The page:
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Migratory shorebirds and tidal flats (series)
Read more about shorebirds, tidal flats and other wetlands under Ramsar listed wetlands of international importance.


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Shore birds: making the most of living in a crowd

Migratory shore birds gather in their many thousands on mudflats, sand bars and river banks. Somehow, they are able to live cooperatively and peacefully in close proximity to birds of their own and many other species. This has many advantages for individual birds. Field Ornithologist Ricki Coughlan reveals more of the amazing lives of migratory shore birds.
The Global Flyway Network: a shore thing

Track work

Chris Hassell, from the Global Flyway Network, looks at new research into the migratory shorebirds that inhabit Roebuck Bay at this time of the year.The satellite transmitter work uses newly developed, light weight solar-powered backpack harnesses suitable for both the larger birds (such as the Bar-tailed godwit), and now, for a medium sized bird, the Great knot. The Great knots are fitted with handmade transmitters that only weigh 5gm, an innovative product of the company Microwave Telemetry. The Great knot is under enormous pressure, affected by the loss of mudflats in the Yellow Sea in China, so this satellite tracking will give a detailed insight into how individual birds use the Yellow Sea and Roebuck Bay.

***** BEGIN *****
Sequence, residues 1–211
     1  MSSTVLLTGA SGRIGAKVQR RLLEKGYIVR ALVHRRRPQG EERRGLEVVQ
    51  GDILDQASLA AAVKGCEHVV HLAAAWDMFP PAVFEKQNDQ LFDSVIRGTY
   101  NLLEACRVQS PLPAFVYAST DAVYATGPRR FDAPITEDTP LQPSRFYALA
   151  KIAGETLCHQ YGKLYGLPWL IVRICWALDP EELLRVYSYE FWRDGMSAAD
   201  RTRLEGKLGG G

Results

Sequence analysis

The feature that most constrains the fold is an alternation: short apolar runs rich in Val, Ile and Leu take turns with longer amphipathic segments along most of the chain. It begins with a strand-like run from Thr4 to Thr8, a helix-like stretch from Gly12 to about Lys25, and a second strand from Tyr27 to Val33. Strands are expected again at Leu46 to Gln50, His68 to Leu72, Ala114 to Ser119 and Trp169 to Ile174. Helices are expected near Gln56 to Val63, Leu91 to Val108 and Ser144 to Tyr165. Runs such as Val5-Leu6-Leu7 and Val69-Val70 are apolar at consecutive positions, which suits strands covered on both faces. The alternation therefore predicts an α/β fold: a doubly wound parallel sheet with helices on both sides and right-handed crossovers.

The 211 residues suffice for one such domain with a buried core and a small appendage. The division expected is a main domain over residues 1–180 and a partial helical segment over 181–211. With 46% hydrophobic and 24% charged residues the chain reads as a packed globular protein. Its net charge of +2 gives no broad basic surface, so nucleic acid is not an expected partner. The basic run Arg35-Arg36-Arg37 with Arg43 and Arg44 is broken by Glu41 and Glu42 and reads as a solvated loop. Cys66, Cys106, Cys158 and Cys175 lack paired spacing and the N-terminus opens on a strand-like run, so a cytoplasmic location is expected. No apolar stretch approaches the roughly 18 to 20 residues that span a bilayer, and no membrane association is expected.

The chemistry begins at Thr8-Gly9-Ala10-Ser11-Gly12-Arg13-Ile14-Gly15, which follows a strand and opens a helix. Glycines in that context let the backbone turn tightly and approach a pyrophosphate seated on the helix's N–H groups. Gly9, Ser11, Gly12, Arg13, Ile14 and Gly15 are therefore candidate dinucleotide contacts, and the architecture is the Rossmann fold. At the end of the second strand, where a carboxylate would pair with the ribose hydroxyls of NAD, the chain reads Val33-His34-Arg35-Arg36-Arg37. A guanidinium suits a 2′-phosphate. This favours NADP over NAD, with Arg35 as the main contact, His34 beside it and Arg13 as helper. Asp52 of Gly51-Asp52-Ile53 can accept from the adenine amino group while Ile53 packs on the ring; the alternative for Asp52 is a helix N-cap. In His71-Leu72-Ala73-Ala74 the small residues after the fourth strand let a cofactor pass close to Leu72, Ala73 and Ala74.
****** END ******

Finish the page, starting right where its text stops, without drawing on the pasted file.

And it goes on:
Banding together: keeping track of migratory travellers

DVD of an actual cannon netting operation on Roebuck Bay, led by shorebird researcher Chris Hassell.
More GFN research: red knots and two flyways

Dr Jutta Leyrer's research into shorebirds and especially red knots has taken her, like these migratory travellers, around the world and across two global flyways.
Flyway travellers' high energy lifestyles

The only constant in a migratory shorebird's life is constant change - feathers, body proportions, feeding time and location.
Muddy waters: Bohai Bay 2012 update

Chris Hassell, from the Global Flyway Network, brings the latest news from China on migratory shorebird habitats, under threat from development. There's a glimmer of hope, with the strong involvement of World Wildlife Fund (WWF) China and Wetlands International in efforts to conserve sufficient of the wetlands for migratory shorebirds use.
2011: Clear as mud: the future of the Bohai mudflats

Chris Hassell's annual update on the dwindling mudflats on the Yellow Sea and the effects on Red Knots
Red Knot 2010 update from China

Bo Hai Bay 2009: Another knotty problem

The shrinking habitat for our Red Knots in China
Canon netting capture on Roebuck Bay

The Great Knot's Yellow Sea Peril

The inside story of satellite tracking

Fast tracking - shorebirds on the move

Frequent flyers - migratory shorebirds in Sydney


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